Water Efficiency: The Key to a Sustainable Future
Protecting and preserving our water resources is a long-term goal of the community of Spokane and is part of their sustainability efforts. Using less water translates into saving money. In Spokane, water use more than triples in the summer time and now is the perfect time to make sure that you're watering efficiently! The City of Spokane Water Department has resources available to help customers reduce their water use and utility bills. Some of the free resources for customers include:
- Outdoor Conservation Kits-includes repair parts and hose nozzle
- Indoor Conservation Kits- includes a low-flow shower head, aerators, and a toilet water saving device
- Educational Events and Presentations
Watering wisely outside the home promotes healthier lawns and landscapes. Here are a few simple ways to save water.
1. Install a rain sensor
A rain sensor will allow your irrigation system to automatically shut-off if rainfall exceeds a certain amount. Afterward, the system will automatically resume its normal schedule.
2. Add a nozzle for your hose
Place a shutoff nozzle on your hose to control the flow of water so you only use what you need. Remember to turn the water off at the faucet to prevent leaks. Save 5-7 gallon per minute your hose is on.
3. Save time and save water
Use an automatic time on your sprinkler or set a kitchen timer to remind you to turn off the water. Left unattended, a garden hose can waste as much as 600 gallons of water in just one hour.
4. Use a broom and not the hose
Use a broom instead of the hose to clean patios, sidewalks, and driveways and save water every time.
5. Water your lawn early
Watering your lawn in the early morning or early evening minimizes evaporation and waste.
6. Sprinkle your yard with care
Install water efficient sprinklers and a rain sensor switch to override your system when it rains. Check timing device settings regularly. Install soaker hoses or drip irrigation systems for planting beds with shrubs and flowers.
This landscaping and gardening method uses native and drought resistant plants while reducing or eliminating the need for supplemental water from irrigation. On top of reducing outdoor water use by 60% or more, a Xeriscaped lawn can increase the property value of a home.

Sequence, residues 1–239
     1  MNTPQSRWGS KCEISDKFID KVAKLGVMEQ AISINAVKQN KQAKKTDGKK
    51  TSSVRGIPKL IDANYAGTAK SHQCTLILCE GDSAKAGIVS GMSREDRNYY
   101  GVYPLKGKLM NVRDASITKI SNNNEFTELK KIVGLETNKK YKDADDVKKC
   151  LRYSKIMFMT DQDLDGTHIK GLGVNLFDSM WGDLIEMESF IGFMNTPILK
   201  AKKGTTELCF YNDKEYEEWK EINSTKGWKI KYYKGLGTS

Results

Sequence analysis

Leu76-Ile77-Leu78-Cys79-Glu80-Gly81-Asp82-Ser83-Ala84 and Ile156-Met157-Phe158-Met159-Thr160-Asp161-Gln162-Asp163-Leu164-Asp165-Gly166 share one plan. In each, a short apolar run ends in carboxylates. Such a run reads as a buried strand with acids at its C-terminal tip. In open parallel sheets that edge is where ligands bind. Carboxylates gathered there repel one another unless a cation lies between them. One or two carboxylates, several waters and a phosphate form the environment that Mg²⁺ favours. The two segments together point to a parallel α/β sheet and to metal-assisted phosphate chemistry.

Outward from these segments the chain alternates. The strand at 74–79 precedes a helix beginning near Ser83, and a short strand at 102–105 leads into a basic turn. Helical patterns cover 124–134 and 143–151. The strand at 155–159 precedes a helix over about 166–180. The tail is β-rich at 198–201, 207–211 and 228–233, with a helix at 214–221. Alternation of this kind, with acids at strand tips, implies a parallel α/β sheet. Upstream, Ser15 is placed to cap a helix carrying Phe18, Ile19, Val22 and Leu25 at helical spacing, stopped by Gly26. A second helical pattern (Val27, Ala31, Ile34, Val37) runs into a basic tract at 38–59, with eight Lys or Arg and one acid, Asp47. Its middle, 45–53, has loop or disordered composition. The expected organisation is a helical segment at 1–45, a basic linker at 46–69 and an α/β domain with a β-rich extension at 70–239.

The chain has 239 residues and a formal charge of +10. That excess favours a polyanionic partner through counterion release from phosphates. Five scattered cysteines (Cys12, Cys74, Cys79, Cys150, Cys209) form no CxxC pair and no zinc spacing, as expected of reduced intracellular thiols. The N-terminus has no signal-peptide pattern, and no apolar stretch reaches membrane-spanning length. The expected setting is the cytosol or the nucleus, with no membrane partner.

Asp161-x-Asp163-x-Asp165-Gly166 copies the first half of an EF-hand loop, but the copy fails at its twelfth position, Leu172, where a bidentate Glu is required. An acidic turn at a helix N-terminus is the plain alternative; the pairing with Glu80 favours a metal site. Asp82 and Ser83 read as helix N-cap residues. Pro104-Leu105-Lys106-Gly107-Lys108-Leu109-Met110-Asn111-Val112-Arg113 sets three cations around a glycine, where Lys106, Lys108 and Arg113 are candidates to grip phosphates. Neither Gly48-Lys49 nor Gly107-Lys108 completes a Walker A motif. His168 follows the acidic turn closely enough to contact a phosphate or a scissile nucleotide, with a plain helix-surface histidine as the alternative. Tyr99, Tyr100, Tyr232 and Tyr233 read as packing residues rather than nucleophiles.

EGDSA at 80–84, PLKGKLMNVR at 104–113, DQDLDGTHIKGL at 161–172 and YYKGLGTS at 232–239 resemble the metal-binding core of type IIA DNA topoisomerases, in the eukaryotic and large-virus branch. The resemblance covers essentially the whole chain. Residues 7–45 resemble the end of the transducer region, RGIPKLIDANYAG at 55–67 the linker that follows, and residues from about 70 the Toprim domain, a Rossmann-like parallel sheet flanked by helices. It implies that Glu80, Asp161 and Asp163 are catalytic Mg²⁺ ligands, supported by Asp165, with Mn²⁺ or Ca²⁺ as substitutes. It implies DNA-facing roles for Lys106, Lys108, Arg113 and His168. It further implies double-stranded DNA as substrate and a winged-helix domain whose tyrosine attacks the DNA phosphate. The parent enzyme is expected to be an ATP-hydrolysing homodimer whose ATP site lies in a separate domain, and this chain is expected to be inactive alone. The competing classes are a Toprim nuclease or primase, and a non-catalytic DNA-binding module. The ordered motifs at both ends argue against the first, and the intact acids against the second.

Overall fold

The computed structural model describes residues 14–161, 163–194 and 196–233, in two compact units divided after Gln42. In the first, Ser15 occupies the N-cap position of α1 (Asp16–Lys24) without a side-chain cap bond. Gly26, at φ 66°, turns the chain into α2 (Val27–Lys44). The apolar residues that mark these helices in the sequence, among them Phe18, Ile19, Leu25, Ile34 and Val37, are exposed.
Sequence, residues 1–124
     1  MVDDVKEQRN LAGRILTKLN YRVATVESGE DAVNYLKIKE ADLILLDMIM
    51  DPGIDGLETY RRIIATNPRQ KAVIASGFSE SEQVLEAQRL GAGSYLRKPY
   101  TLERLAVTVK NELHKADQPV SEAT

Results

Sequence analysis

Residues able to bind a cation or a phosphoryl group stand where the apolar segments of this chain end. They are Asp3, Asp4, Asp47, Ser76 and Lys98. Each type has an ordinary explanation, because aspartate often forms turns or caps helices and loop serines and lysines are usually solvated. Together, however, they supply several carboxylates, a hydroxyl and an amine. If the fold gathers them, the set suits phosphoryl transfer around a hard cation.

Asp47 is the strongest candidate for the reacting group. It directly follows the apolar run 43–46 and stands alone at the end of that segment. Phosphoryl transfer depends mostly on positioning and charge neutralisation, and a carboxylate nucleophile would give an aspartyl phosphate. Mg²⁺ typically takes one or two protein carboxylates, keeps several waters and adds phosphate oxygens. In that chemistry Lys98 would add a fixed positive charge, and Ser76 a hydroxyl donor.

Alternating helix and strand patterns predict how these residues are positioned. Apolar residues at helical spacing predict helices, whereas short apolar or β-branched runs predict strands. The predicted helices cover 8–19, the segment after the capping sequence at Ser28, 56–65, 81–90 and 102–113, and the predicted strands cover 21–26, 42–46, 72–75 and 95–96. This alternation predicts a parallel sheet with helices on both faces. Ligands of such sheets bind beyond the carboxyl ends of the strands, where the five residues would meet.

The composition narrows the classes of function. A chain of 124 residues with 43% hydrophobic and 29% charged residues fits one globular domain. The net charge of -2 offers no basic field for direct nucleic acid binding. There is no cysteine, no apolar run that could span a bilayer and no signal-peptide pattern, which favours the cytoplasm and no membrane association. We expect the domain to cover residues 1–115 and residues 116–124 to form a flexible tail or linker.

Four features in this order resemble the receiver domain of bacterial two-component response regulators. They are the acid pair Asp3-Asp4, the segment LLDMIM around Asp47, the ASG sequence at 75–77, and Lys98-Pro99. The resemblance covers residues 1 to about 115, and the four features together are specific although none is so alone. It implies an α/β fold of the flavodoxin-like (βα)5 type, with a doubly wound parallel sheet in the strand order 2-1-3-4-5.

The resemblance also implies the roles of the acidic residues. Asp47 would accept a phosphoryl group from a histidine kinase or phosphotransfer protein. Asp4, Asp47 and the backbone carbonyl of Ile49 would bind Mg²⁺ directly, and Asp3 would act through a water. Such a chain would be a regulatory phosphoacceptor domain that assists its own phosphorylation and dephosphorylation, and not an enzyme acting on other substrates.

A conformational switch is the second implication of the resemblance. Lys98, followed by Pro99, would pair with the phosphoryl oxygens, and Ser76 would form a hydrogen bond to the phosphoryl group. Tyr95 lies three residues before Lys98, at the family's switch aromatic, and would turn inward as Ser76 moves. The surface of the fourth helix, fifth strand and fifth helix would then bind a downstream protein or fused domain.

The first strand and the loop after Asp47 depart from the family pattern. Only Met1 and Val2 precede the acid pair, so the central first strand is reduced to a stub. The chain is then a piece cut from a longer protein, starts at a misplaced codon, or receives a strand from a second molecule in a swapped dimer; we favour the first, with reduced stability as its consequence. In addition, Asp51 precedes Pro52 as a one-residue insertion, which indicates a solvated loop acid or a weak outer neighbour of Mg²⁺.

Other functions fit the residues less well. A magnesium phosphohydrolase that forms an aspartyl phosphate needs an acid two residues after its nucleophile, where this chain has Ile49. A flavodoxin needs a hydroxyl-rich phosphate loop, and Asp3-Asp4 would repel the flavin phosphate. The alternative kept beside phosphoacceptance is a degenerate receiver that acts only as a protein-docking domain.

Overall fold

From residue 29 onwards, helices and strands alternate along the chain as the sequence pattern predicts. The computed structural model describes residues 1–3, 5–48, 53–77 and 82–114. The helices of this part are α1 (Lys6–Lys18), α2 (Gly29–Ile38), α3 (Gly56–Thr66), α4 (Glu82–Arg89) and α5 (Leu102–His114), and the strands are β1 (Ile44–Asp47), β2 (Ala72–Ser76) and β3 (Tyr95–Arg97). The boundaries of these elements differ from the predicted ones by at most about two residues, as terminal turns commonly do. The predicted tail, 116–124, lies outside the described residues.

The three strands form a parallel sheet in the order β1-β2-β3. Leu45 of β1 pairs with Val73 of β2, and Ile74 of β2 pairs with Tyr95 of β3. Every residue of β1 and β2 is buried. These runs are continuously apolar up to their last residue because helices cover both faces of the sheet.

8. Meet your water meter
Find out if you have a leak in your home by reading your water meter before and after a two-hour period when no water is being used. If the readings are different, you have a leak.
9. Make tuna cans do double duty
Lawns only need about one inch of water per week (a bit more during dry, hot weather). Try the . To determine how long it takes your irrigation system to put out an inch of water, place cans around the yard and measure the water collected in 15 minutes for rotary sprinklers and 7 minutes for stationary sprinklers.
10. Organize your surroundings
Group plants together based on similar watering needs. This will allow you to give each plant the appropriate amount of water it requires. Mulch will retain moisture and reduce weeds.
11. Visit the car wash
Reduce 17 gallons per minute of urban chemical runoff by skipping the at-home wash and going commercial instead. Commercial car washes are required to use on-site water recycling, filtration, and conservation techniques.
12. Harvest rainwater
Use a rain barrel to harvest rainwater from gutters for watering gardens and landscapes. You can easily capture the rain that falls on your roof. It adds up fast.
1 inch of rain yields 62 gallons per every 100 square feet of roof space.
13. Skip a day
Lawns only need watering every 3 to 5 days in the summer. A hearty rain can eliminate the need for watering for up to 2 weeks.
14. Leave grass long
Raising your lawn mower blade to its highest setting encourages grass roots to grow deeper and grass blades to hold moisture longer than with a closely clipped lawn. Longer grass means less evaporation and fewer weeds.
15. Tune up your system
Inspect irrigation systems, and fix leaks and broken or clogged sprinkler heads. Make sure you are watering your plants and not the street or driveway.
The City of Spokane Water Department provides education for adults and youth. This program includes:
- Classroom presentations
- Field trip opportunities
- Guest speakers
- Community events
For additional information on educational opportunities and how to conserve water, contact Kristen Zimmer, Water Stewardship Educator, ator at 509.742.8144.